KAMPALA, Dec 4 (Reuters) - The European Union (EU) has
become the latest donor to suspend aid to Uganda alleging the
embezzlement of $13 million in aid funds by officials in the
Prime Minister's office.
The EU joins Britain, Germany, Ireland, Denmark and Norway
which have already frozen funds to the east African nation.
Uganda's government has said it is determined to punish all
the officials involved in the theft of money meant to help fund
the recovery of northern Uganda, ravaged by the Lord's
Resistance Army's two-decade insurgency.
Aid funds up to a quarter of the national budget.
The withholding of funds has also hurt the Ugandan economy
through the shilling currency which has lost close to 4 percent
of its value against the dollar, raising import costs, since
Ireland first cut its aid in late October.
Central bank Governor Emmanuel Tumusiime-Mutebile told a
news conference on Tuesday: "If all donors being reported to
have cut their aid do cut their aid, we think that this will
reduce the potential (economic) growth rate by about 0.7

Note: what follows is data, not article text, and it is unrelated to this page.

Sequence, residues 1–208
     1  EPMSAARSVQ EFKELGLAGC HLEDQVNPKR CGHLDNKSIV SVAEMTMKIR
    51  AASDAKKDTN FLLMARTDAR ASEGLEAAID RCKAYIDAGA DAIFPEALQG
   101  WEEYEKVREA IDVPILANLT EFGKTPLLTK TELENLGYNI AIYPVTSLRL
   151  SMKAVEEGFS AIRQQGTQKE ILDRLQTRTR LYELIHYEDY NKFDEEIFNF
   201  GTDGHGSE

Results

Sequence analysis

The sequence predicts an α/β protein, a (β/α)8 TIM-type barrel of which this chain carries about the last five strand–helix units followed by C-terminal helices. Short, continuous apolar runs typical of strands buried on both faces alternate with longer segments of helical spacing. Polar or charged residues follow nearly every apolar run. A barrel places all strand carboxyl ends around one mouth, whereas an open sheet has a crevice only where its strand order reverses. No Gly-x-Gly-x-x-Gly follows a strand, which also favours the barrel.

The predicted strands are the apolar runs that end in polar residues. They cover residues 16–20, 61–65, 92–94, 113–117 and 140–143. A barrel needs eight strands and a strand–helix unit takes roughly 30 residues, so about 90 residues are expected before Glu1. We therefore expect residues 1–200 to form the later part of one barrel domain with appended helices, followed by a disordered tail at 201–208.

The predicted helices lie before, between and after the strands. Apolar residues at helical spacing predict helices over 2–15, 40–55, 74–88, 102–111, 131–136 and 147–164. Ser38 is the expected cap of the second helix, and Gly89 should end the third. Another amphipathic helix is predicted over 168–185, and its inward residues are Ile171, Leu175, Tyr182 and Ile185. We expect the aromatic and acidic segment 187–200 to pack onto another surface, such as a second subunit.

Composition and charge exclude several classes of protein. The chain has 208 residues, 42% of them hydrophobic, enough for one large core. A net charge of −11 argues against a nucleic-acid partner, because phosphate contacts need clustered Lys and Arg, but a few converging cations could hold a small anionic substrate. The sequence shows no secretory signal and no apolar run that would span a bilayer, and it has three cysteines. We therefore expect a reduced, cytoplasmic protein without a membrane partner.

Donors say a culture of impunity thrives at the heart of
government for cronies of Uganda's long-serving President Yoweri
"The recent corruption scandals and misappropriation of
funds in the government of Uganda are a breach of trust,"
Roberto Ridolfi, the EU's ambassador to Uganda, told civil
society groups in Kampala late on Monday.
EU officials in the Ugandan capital declined to say how much
aid the bloc was withholding. Ridolfi said it would not pay out
funds destined for budgetary support over the next six months
until Uganda took steps towards combating graft.
External financing was expected to account for roughly a
quarter of Uganda's 11.2 trillion shillings ($4.2
billion)budgetary spend this fiscal year (July-June), the
2012-2013 budget showed.
Cuts to budgetary assistance could hurt public investments
in health and education.
Ridolfi said the EU would initially suspend aid for six
months, giving the Ugandan government time to return the stolen
funds to donors, create a more robust public finance system and
prosecute officials guilty of theft.
"For the EU in practical terms this means that funds
earmarked as EU budget support to the Ugandan fiscal year
2012-13 will not be paid until satisfactory progress has been
confirmed on the points above," Ridolfi said in his speech.
Uganda's leading Daily Monitor newspaper on Tuesday quoted
Ridolfi warning that "Ugandan citizens are going to lose close
to $300 million in budget support" from eight development
At least 12 officials have been suspended since the
country's attorney general released a report in October
revealing the funds were missing.
($1 = 2680.0000 Ugandan shillings)
(Reporting By Elias Biryabarema; Writing by Drazen Jorgic;
Editing by Richard Lough/Ruth Pitchford)